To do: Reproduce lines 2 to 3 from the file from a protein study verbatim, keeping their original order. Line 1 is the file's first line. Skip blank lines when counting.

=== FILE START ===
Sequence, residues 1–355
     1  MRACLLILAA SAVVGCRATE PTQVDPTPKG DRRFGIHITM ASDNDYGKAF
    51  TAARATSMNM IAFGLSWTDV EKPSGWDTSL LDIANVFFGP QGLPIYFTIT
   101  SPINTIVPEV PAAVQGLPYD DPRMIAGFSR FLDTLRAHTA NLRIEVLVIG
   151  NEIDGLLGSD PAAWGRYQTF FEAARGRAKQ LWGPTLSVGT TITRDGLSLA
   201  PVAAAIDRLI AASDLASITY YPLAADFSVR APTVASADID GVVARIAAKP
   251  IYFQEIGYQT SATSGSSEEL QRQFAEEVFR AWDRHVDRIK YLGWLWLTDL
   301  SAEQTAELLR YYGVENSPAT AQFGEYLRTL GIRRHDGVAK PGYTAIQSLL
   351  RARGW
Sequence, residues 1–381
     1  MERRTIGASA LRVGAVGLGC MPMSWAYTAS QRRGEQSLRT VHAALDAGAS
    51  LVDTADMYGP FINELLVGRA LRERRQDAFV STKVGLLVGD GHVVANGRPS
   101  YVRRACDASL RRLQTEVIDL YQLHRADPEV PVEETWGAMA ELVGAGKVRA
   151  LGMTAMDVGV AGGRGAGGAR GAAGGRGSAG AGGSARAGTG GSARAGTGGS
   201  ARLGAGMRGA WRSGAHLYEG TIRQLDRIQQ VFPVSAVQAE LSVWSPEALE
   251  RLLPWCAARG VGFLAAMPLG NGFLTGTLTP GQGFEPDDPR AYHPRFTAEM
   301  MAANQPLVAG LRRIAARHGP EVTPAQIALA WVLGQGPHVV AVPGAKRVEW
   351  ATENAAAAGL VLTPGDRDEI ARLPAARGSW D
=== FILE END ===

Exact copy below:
     1  MRACLLILAA SAVVGCRATE PTQVDPTPKG DRRFGIHITM ASDNDYGKAF
    51  TAARATSMNM IAFGLSWTDV EKPSGWDTSL LDIANVFFGP QGLPIYFTIT